Because Birthday Candles features a live fish onstage, the Archives are taking a look back at past productions that also included live animals. In the 2019-2020 Season, the fantastic new musical Darling Grenadine included a star turn by Sammy the Dog. The story featured a role for Paul, the main character’s faithful dog, who was represented on stage simply by a red leash and a ball. Wonderfully, when Harry meets a new dog in the final scene, that dog was a flesh and blood animal, bounding across the stage to heal Harry’s heart. Given Roundabout’s long history, one would think that we are old hats when it comes to working with animals on stage. The truth is that live animals are a challenge to work with and therefore not commonly written into scripts. As a result, our archives aren’t abundant with examples of dogs, fish, etc. starring in past shows, but in addition to Sammy, there are a few examples from which to draw.
Our 1987 production of John Steinbeck’s Of Mice and Men (at the Union Square Theatre) included a role for “Dog.” Unfortunately, our archived production photographs and stage records don’t lend much insight into the life and times of Sundae, the dog that was cast in the role. Sundae is listed in the cast list and, we can only imagine, was stellar in the role.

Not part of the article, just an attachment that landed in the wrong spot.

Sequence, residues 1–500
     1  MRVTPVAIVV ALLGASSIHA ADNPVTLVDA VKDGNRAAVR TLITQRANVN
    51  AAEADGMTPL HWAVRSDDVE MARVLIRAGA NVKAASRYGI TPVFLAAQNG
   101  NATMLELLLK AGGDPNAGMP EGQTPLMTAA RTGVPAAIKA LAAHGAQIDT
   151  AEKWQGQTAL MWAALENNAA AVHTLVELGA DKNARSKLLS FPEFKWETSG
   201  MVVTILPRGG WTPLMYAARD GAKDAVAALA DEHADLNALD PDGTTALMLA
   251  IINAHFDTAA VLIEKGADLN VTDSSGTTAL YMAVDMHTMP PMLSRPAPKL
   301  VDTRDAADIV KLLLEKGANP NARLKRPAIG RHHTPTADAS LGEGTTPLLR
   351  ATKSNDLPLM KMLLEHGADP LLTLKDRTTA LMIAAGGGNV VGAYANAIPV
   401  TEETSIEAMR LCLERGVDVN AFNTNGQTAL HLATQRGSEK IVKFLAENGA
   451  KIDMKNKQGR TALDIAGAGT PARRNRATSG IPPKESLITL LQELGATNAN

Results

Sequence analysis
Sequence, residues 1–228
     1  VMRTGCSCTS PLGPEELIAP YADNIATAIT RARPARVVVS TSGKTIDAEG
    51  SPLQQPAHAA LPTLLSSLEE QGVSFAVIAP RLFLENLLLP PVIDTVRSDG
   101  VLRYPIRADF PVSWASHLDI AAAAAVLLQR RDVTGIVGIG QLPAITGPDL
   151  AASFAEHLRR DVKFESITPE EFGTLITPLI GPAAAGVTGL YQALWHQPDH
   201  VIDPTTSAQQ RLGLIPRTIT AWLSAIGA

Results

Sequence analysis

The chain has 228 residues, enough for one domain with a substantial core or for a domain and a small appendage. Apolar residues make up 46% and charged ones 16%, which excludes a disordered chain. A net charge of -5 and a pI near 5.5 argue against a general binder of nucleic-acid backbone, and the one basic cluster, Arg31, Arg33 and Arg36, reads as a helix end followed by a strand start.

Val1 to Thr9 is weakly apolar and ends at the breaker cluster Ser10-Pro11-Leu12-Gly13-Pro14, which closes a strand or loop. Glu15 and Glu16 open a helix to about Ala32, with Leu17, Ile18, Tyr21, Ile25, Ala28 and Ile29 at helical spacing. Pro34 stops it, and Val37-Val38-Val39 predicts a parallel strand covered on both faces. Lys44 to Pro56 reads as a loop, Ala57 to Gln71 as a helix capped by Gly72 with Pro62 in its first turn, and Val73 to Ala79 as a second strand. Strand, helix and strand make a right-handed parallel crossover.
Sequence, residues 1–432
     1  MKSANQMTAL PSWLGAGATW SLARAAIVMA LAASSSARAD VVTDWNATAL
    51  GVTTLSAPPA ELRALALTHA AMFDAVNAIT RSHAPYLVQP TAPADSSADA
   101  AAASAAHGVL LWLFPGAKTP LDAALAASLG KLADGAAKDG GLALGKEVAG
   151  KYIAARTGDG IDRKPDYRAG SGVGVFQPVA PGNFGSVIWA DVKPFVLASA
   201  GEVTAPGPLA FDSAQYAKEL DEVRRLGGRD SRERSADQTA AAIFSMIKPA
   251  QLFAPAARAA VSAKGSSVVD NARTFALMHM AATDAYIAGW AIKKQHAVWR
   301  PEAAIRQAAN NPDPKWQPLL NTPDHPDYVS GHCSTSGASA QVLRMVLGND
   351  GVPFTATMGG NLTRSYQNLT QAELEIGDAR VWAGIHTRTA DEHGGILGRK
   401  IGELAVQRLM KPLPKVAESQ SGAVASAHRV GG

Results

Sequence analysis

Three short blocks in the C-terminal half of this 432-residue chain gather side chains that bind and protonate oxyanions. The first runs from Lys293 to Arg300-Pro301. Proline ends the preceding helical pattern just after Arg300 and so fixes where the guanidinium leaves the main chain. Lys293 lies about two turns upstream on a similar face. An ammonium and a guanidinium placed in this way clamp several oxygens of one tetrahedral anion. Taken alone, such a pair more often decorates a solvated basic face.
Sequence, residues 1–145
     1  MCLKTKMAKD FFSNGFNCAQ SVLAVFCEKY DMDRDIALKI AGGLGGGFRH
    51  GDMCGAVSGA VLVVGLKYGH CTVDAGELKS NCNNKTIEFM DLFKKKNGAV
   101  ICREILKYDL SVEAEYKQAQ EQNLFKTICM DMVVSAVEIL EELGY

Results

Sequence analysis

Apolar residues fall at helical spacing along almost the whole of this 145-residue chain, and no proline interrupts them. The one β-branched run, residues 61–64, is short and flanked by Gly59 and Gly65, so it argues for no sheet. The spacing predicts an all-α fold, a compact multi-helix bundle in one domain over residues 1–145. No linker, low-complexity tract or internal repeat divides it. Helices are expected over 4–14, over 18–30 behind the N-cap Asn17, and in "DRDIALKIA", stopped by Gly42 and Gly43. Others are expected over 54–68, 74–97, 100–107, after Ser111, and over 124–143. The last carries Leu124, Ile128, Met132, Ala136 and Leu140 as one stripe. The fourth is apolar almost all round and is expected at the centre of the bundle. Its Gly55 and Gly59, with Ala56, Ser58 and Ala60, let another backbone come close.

After Miss Julie, staged at the American Airlines Theatre℠ in 2009, starred Sienna Miller, Johnny Lee Miller, and Marin Ireland in Patrick Marber’s retelling of August Strindberg’s Miss Julie. The script called for a songbird that Miss Julie keeps as a pet in a cage. A real bird was used in the production, but a prop bird had to be fabricated for the scene in which Julie instructs John to kill the bird so that the two lovers can leave unencumbered. For the animal lovers out there, the real bird was adopted by a crew member after the show closed, but the prop bird (several examples are included in our archives) was deposited into the production collection and stands as a not-so-subtle reminder of the violent undertones present in the play.
More times than not, a fake dog or animal is used rather than working with a trained dog, or a fake animal is used to enhance comedy. One of the funniest examples from our archives is found in the 2010 Kneehigh Theatre production of Brief Encounter (at Studio 54). Dorothy Atkinson (Beryl) and Annette McLaughlin (Myrtle) are wonderful in a scene where the two walk their dogs. The floppy “dogs” (nothing more than fur on a rope) were priceless.
There are many examples of shows that include stuffed animals. These include the unicorn and teddy bear “boyfriends” from 2018’s Usual Girls (Roundabout Underground, used in scenes with Abby Corrigan and Midori Francis) and a photograph depicting the stage in our 1980 production of Look Back in Anger (starring Malcolm McDowell and Lisa Banes, at the 23rd Street Theatre), which features the animals in the “squirrel bear” game.